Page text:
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On Tue, 30 Nov 2010 10:56:02 -0500, Ray Denenberg, Library of Congress wrote

> So I take your question to be what does that mean. I suggest the 
> following definition: "An estimate which is asserted to be possibly 
> correct, and if not, close to correct."

As an estimate its always correct in this context. A questionable
estimate--- keeping to our symbols--- would be (1985-12~)?
One can talk, of course, of approximation error or the discrepancy between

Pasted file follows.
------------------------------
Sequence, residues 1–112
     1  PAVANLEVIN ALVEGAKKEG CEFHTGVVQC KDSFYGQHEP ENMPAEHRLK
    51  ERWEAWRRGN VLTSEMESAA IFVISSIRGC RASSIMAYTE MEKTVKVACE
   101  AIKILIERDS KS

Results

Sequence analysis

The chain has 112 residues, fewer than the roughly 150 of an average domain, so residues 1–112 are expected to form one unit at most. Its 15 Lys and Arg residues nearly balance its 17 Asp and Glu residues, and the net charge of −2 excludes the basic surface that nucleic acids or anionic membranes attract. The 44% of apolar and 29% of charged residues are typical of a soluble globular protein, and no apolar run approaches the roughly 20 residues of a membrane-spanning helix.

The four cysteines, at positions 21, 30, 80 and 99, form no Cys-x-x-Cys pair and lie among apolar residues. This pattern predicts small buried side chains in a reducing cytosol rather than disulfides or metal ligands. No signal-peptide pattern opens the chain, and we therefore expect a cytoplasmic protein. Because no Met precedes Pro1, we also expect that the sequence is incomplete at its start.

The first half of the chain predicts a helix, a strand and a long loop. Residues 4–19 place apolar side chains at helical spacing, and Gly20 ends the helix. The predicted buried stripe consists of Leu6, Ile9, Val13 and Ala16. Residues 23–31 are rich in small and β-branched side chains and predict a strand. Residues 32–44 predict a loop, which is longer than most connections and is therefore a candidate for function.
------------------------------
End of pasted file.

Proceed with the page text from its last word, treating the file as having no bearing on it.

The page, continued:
the expressed approximate value and the known exact value but in our models
given the preference for precision and accuracy we don't have the exact date
and time or we'd express it. Approx. date/time, I'd suggest, is used only
when the "exact" (or something close enough to be accepted by speaker and
listener as "exact" within the agreed upon precision) date/time is unknown.
The assertion is thus only that its "close enough" for consensus but possibly
"incorrect".

> 
> I believe that the use case for approximate is satisfied by this 
> definition, but for those who are not satisfied I have offered the 
> extension mechanism that I mentioned so that the estimate may be 
> qualified by precision.
> 
> --Ray


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